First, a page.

COVID-19 Stress and COVID-19 Distress with Maladaptive Eating and Adaptive Eating Among College Students



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Stress negatively impacts health. Stress is a mental state resulting from challenge, discomfort, or change. Whereas distress is a mental state that is chronic and extreme causing negative emotions. Stress naturally occurs in response to stimuli compared to distress, where one cannot adapt to challenges or discomfort. The COVID-19 pandemic significantly increased stress and distress. Specific stressors during COVID-19 included lockdown mandates, social distancing, and fear of COVID-19. All of these impacted eating behaviors drastically during this time due to stress and distress. Importantly, college students are understudied in terms of COVID-19 and eating behaviors. Specifically, understanding eating behaviors among college students who are already predisposed to maladaptive eating patterns is an important step. The prevalence of maladaptive eating behaviors by COVID-19 stress was shown to be significant for different maladaptive eating behaviors. Additionally, some specific eating behaviors are associated with moderate distress and severe distress Thus, our results clearly show that maladaptive eating behaviors are significantly negatively impacted as stress increases. It is important to understand the impact of COVID-19 on college students in terms of eating patterns. Our results suggest maladaptive eating patterns were significantly impacted by this pandemic. No impact was made on adaptive eating disorders when faced with stress and distress from COVID-19, which suggests implementing adaptive behaviors early on in life can be beneficial. Our results imply the need for early prevention and adaptation of adaptive eating behaviors early in life.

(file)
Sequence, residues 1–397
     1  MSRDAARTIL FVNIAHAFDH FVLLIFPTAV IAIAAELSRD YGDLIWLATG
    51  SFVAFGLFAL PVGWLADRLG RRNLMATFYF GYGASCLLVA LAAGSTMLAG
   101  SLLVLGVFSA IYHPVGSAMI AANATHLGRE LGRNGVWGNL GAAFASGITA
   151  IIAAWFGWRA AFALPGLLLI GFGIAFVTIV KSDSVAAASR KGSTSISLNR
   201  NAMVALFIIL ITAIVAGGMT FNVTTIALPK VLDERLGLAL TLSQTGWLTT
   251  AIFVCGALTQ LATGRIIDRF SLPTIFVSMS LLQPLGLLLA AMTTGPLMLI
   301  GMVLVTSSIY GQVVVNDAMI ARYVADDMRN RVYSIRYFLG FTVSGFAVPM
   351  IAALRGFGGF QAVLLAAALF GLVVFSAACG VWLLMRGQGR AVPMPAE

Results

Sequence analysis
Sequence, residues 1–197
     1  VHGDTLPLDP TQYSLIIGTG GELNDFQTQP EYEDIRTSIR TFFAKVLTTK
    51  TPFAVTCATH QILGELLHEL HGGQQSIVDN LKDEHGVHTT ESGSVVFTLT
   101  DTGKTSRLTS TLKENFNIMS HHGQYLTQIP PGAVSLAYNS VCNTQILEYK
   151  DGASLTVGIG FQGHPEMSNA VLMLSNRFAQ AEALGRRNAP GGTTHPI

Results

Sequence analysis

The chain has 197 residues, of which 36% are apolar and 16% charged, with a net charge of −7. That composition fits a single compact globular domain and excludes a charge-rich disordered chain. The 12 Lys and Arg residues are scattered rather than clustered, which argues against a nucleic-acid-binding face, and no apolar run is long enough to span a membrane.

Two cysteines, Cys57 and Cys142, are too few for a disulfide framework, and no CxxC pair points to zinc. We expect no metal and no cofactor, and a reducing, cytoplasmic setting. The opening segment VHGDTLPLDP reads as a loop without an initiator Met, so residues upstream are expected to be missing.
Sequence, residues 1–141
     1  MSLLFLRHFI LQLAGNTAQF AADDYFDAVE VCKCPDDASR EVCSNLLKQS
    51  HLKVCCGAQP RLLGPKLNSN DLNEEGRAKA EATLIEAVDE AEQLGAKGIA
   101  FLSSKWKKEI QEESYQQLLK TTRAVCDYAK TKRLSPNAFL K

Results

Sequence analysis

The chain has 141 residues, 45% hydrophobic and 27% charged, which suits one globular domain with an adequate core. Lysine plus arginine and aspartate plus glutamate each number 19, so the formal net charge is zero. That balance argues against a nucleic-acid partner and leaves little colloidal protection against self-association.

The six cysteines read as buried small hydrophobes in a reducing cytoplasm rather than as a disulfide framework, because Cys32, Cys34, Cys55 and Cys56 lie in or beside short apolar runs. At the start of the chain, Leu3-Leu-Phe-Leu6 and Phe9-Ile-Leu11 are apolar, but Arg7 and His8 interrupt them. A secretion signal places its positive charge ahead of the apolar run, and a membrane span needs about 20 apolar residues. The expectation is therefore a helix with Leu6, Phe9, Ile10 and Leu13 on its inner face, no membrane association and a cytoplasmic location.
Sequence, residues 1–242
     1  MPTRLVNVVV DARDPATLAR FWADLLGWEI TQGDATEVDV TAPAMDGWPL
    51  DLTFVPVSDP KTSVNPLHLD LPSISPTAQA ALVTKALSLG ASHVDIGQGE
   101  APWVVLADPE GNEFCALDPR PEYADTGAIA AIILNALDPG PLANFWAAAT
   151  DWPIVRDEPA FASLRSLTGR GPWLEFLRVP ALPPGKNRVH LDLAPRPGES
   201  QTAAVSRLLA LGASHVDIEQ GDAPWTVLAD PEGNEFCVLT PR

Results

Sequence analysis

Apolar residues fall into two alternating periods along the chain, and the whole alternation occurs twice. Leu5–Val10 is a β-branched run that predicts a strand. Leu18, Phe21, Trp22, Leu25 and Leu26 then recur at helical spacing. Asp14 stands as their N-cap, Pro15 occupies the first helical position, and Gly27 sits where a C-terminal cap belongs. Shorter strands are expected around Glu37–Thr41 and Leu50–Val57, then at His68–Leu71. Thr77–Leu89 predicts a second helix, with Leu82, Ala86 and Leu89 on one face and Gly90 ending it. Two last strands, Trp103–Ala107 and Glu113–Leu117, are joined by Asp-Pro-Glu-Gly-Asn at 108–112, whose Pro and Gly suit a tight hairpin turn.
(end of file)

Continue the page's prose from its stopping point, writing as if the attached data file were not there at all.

Human nutrition and foods